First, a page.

A: According to a list by the National Center for Fair and Open Testing, or FairTest, a nonprofit organization working to end the misuse of standardized testing, about 51 universities, and colleges have dropped the ACT/SAT requirement for at least Fall 2021 in recent months.  Critics say the tests put less wealthy students at a disadvantage.  They acknowledge that SAT and ACT results follow a pattern of all standardized test scores: Kids from poor families do worse than kids with more money.  Wealthy parents can provide benefits that many poor families can’t, such as tutors, learning opportunities, the best schools with ample resources.  This comes on top of repeated SAT and ACT cheating scandals in the U.S. and abroad. The SAT in recent years has become the target of a sophisticated cheating system in Asia made possible in part because the College Board reuses questions.  Now, a growing list of colleges has announced they’re going test-optional for the class of 2021, meaning the SAT or ACT will not be required for admission.

Does it mean that students don’t have to worry about SAT/ ACT from now on?  When it comes to college admissions, we believe that the SAT/ ACT scores are still, not very inaccurate though, good indicators to compare students across disparate countries.  To compare students from totally different high schools, college admission committees can’t just choose the top students at each school; they need some way to compare students from across the nation and around the world, and that’s the history of SAT and why SAT scores are still important.  Therefore, even though more and more schools are going test-optional, we recommend students sitting the exam, especially if you are an international student and want to apply to competitive colleges, as this is a concrete data point to compare you among thousands of applicants, and is what makes your application stand out more.

That said, the fact that many schools are going test-optional has opened more options for applicants, and leveled the academic playing field.  SAT scores are not everything you need to apply to colleges – numbers can not tell the whole story.  If you think your scores are an accurate representation of your ability, submit them. If you feel they are not, don’t.  Instead, try to show your special-self in some other ways – which can come across in letters of recommendation, talent, extracurriculars, and college essays.

Q: When is the best time to take the SAT?

A: The SAT can be taken any time starting your freshman year.  We strongly recommend that all but the very strongest students do not take the first SAT exam until at least the spring of Grade 9, as this ensures you have covered the required academic content in school.  We also strongly recommend that all students should take their first SAT exam in either the spring of Grade 10 or fall of Grade 11.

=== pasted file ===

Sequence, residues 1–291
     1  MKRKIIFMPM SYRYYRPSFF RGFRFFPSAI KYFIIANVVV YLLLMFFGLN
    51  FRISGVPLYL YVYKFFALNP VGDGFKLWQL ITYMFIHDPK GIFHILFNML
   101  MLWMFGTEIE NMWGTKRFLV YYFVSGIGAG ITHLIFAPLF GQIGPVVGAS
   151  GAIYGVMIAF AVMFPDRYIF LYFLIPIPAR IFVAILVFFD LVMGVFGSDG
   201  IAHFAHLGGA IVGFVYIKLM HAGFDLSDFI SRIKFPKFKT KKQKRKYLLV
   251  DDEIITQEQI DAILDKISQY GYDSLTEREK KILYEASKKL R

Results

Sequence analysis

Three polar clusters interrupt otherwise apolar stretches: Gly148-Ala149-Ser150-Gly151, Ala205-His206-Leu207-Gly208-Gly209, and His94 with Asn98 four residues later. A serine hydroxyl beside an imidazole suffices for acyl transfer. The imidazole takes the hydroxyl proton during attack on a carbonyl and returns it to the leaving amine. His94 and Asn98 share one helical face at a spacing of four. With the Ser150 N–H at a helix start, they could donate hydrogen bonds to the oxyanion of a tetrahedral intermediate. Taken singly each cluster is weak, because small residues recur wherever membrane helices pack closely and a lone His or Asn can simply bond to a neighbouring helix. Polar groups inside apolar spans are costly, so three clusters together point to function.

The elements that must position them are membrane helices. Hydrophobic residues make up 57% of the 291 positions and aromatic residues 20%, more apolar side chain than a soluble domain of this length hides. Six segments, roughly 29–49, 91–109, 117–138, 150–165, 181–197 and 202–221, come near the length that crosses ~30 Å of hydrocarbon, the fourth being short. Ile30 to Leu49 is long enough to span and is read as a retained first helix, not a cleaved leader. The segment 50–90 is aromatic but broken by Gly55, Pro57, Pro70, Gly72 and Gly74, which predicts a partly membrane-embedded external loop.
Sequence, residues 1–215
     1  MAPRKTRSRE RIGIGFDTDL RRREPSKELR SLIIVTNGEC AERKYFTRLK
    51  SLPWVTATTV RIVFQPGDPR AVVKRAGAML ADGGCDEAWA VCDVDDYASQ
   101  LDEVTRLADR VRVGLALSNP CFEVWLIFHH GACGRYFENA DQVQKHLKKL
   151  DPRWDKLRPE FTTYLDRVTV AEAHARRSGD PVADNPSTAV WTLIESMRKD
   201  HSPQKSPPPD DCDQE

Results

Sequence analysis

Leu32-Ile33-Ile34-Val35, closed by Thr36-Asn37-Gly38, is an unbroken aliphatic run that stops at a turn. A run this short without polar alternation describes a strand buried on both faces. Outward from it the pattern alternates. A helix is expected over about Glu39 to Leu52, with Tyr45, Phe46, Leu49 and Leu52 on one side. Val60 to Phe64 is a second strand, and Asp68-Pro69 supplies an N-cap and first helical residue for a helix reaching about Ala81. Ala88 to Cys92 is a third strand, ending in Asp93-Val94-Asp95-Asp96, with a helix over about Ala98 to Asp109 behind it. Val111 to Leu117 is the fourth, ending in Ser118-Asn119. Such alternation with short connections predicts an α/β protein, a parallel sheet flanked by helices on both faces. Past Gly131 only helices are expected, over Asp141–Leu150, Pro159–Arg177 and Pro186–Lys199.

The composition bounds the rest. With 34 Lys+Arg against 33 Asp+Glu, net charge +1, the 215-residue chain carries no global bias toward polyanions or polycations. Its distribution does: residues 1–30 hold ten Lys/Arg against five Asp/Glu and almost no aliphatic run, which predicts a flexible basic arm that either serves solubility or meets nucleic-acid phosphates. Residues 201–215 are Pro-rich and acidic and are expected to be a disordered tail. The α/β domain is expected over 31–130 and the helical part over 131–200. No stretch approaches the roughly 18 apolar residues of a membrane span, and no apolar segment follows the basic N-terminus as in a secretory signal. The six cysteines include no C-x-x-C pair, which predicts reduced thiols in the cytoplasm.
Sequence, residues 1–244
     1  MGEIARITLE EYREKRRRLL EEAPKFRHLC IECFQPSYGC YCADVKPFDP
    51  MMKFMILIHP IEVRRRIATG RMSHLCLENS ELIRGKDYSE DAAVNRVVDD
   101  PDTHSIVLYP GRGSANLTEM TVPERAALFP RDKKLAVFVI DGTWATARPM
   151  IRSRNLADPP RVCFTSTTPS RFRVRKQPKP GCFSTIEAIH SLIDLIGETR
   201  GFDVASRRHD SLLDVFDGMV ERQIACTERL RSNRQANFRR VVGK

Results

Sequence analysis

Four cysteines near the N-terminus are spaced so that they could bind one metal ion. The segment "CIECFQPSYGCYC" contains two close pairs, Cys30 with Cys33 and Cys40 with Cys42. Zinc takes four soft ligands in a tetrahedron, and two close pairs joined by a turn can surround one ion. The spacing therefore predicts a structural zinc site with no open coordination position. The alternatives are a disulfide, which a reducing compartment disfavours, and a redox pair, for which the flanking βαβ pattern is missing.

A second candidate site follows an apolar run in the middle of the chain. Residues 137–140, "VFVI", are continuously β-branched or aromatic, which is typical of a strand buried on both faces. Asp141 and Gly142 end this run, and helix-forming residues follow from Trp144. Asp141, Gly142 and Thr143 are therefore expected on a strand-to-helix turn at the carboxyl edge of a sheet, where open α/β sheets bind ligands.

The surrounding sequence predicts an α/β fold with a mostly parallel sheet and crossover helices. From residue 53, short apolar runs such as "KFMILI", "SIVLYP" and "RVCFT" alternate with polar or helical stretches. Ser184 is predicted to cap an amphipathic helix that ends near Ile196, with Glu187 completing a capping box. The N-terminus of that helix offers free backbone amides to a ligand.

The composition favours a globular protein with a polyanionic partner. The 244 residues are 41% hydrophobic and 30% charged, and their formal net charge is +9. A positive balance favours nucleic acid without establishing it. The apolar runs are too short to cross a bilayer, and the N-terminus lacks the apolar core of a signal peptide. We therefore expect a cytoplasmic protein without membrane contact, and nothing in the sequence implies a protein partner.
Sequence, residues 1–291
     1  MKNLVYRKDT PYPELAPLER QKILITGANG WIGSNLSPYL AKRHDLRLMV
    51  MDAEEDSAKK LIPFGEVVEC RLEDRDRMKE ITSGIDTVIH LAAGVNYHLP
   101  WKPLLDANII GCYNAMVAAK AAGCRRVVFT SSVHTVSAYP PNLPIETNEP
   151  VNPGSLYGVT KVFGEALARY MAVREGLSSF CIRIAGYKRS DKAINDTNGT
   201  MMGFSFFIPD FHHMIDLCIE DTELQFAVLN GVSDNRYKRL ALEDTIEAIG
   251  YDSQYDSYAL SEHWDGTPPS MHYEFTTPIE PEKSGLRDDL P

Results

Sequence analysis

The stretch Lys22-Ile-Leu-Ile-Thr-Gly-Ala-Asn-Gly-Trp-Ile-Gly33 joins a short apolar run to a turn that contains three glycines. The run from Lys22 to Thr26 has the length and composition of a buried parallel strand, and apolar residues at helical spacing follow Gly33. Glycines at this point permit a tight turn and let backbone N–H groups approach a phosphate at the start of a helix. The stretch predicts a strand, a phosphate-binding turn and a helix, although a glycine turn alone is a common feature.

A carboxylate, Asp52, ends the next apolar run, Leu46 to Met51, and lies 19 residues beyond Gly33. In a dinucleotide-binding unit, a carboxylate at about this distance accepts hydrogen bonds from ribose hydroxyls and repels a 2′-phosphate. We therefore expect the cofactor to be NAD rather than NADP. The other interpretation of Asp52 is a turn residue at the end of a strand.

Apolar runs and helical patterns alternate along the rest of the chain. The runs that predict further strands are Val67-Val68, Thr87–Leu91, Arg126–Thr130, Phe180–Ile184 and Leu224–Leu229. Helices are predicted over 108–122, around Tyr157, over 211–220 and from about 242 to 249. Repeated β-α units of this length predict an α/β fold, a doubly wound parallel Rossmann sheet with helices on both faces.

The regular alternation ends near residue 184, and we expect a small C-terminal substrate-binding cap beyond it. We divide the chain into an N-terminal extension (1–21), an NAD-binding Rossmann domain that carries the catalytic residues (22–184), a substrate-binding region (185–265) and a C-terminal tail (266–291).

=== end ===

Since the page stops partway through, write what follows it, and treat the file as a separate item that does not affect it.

Doing so will give you enough time to take the test twice, which is highly recommended, as 67 percent of students improve their score the second time around. This also helps to unlock the power of Superscoring, which is a tremendous advantage for those who take the SAT multiple times.  

Once you receive your initial test results, you’ll know your weak points and can prepare to retake the test. 

The SAT exam is offered internationally every year in October, November, December, March, May, and June.  View SAT Test Dates and Deadlines here.

COVID 19 Update from SAT: Due to COVID-19 concerns, the College Board has canceled the May 2, 2020, and June 6, 2020 SAT and SAT Subject Test administrations.   College Board has announced that they plan to provide weekend SAT administrations every month through the end of the calendar year, beginning in August.  This includes a new administration on September 26, along with the previously scheduled tests for Fall 2020.  Learn more here.


Q: What Are SAT Score Percentiles? A: In addition to the composite score you get on the SAT (i.e., that number between 400 and 1600), you’ll get a percentile ranking, ranging from 1 to 99.  The SAT gives you a percentile ranking for your overall composite score as well as for each of the two-section scores: Evidence-Based Reading and Writing (EBRW) and Math. Your percentile tells you how you did on the SAT compared with everyone else who took the test. 


Your percentile score is not like a grade out of 100.  For instance, if you get a percentile of 90, this doesn’t mean you got exactly 90% of the questions right.  It just means that compared with everyone who took the SAT, you scored higher than 90% of them.